This lesson is in the early stages of development (Alpha version)

Scripts, variables, and loops

Overview

Teaching: 45 min
Exercises: 10 min
Questions
  • How do I turn a set of commands into a program?

Objectives
  • Write a shell script

  • Understand and manipulate UNIX permissions

  • Understand shell variables and how to use them

  • Write a simple “for” loop.

We now know a lot of UNIX commands! Wouldn’t it be great if we could save certain commands so that we could run them later or not have to type them out again? As it turns out, this is straightforward to do. A “shell script” is essentially a text file containing a list of UNIX commands to be executed in a sequential manner. These shell scripts can be run whenever we want, and are a great way to automate our work.

Writing a Script

So how do we write a shell script, exactly? It turns out we can do this with a text editor. Start editing a file called “demo.sh” (to recap, we can do this with nano demo.sh). The “.sh” is the standard file extension for shell scripts that most people use (you may also see “.bash” used).

Our shell script will have two parts:

Our file should now look like this:

#!/bin/bash

echo "Our script worked!"

Ready to run our program? Let’s try running it:

$ demo.sh 
bash: demo.sh: command not found...

Strangely enough, Bash can’t find our script. As it turns out, Bash will only look in certain directories for scripts to run. To run anything else, we need to tell Bash exactly where to look. To run a script that we wrote ourselves, we need to specify the full path to the file, followed by the filename. We could do this one of two ways: either with our absolute path /home/yourUserName/demo.sh, or with the relative path ./demo.sh.

$ ./demo.sh
bash: ./demo.sh: Permission denied

There’s one last thing we need to do. Before a file can be run, it needs “permission” to run. Let’s look at our file’s permissions with ls -l:

$ ls -l
-rw-rw-r-- 1 yourUsername tc001 12534006 Jan 16 18:50 bash-lesson.tar.gz
-rw-rw-r-- 1 yourUsername tc001       40 Jan 16 19:41 demo.sh
-rw-rw-r-- 1 yourUsername tc001 77426528 Jan 16 18:50 dmel-all-r6.19.gtf
-rw-r--r-- 1 yourUsername tc001   721242 Jan 25  2016 dmel_unique_protein_is...
drwxrwxr-x 2 yourUsername tc001     4096 Jan 16 19:16 fastq
-rw-r--r-- 1 yourUsername tc001  1830516 Jan 25  2016 gene_association.fb.gz
-rw-rw-r-- 1 yourUsername tc001       15 Jan 16 19:17 test.txt
-rw-rw-r-- 1 yourUsername tc001      245 Jan 16 19:24 word_counts.txt

That’s a huge amount of output: a full listing of everything in the directory. Let’s see if we can understand what each field of a given row represents, working left to right.

  1. Permissions: On the very left side, there is a string of the characters d, r, w, x, and -. The d indicates if something is a directory (there is a - in that spot if it is not a directory). The other r, w, x bits indicate permission to Read, Write, and eXecute a file. There are three fields of rwx permissions following the spot for d. If a user is missing a permission to do something, it’s indicated by a -.
    • The first set of rwx are the permissions that the owner has (in this case the owner is yourUsername).
    • The second set of rwxs are permissions that other members of the owner’s group share (in this case, the group is named tc001).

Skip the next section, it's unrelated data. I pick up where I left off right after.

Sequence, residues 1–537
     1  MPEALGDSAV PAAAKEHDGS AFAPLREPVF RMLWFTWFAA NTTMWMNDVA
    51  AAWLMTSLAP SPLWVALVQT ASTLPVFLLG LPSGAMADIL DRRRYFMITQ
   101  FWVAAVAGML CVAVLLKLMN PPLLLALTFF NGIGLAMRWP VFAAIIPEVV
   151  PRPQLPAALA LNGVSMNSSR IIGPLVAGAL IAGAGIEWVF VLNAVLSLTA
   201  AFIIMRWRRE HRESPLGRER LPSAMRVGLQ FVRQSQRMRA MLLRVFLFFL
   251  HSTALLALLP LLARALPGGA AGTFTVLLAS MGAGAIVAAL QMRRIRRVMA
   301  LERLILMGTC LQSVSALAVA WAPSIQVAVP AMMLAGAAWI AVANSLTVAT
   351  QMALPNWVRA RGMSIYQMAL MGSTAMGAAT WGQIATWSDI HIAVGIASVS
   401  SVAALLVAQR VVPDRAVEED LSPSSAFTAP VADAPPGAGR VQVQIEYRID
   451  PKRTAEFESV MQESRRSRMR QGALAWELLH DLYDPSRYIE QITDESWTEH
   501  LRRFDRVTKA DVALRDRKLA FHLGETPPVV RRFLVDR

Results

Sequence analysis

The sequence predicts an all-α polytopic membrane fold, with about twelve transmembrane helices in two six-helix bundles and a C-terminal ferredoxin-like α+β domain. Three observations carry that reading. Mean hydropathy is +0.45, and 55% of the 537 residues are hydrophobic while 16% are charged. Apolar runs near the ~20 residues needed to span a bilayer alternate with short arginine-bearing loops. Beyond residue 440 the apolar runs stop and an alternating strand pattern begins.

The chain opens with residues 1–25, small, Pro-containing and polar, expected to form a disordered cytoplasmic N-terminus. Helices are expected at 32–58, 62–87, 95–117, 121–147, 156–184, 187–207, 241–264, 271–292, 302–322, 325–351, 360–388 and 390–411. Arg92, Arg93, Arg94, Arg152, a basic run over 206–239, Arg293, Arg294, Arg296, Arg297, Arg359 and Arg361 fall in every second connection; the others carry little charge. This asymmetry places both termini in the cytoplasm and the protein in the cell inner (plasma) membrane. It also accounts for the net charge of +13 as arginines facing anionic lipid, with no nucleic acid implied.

• The third set of rwxs are permissions that anyone else with access to this computer can do with a file. Though files are typically created with read permissions for everyone, typically the permissions on your home directory prevent others from being able to access the file in the first place.
  2. References: This counts the number of references (hard links) to the item (file, folder, symbolic link or “shortcut”).
  3. Owner: This is the username of the user who owns the file. Their permissions are indicated in the first permissions field.
  4. Group: This is the user group of the user who owns the file. Members of this user group have permissions indicated in the second permissions field.
  5. Size of item: This is the number of bytes in a file, or the number of filesystem blocks occupied by the contents of a folder. (We can use the -h option here to get a human-readable file size in megabytes, gigabytes, etc.)
  6. Time last modified: This is the last time the file was modified.
  7. Filename: This is the filename.

So how do we change permissions? As I mentioned earlier, we need permission to execute our script. Changing permissions is done with chmod. To add executable permissions for all users we could use this:

$ chmod +x demo.sh
$ ls -l
-rw-rw-r-- 1 yourUsername tc001 12534006 Jan 16 18:50 bash-lesson.tar.gz
-rwxrwxr-x 1 yourUsername tc001       40 Jan 16 19:41 demo.sh
-rw-rw-r-- 1 yourUsername tc001 77426528 Jan 16 18:50 dmel-all-r6.19.gtf
-rw-r--r-- 1 yourUsername tc001   721242 Jan 25  2016 dmel_unique_protein_is...
drwxrwxr-x 2 yourUsername tc001     4096 Jan 16 19:16 fastq
-rw-r--r-- 1 yourUsername tc001  1830516 Jan 25  2016 gene_association.fb.gz
-rw-rw-r-- 1 yourUsername tc001       15 Jan 16 19:17 test.txt
-rw-rw-r-- 1 yourUsername tc001      245 Jan 16 19:24 word_counts.txt

Now that we have executable permissions for that file, we can run it.

$ ./demo.sh
Our script worked!

Fantastic, we’ve written our first program! Before we go any further, let’s learn how to take notes inside our program using comments. A comment is indicated by the # character, followed by whatever we want. Comments do not get run. Let’s try out some comments in the console, then add one to our script!

# This won't show anything.

Now lets try adding this to our script with nano. Edit your script to look something like this:

#!/bin/bash

# This is a comment... they are nice for making notes!
echo "Our script worked!"

When we run our script, the output should be unchanged from before!

Shell variables

One important concept that we’ll need to cover are shell variables. Variables are a great way of saving information under a name you can access later. In programming languages like Python and R, variables can store pretty much anything you can think of. In the shell, they usually just store text. The best way to understand how they work is to see them in action.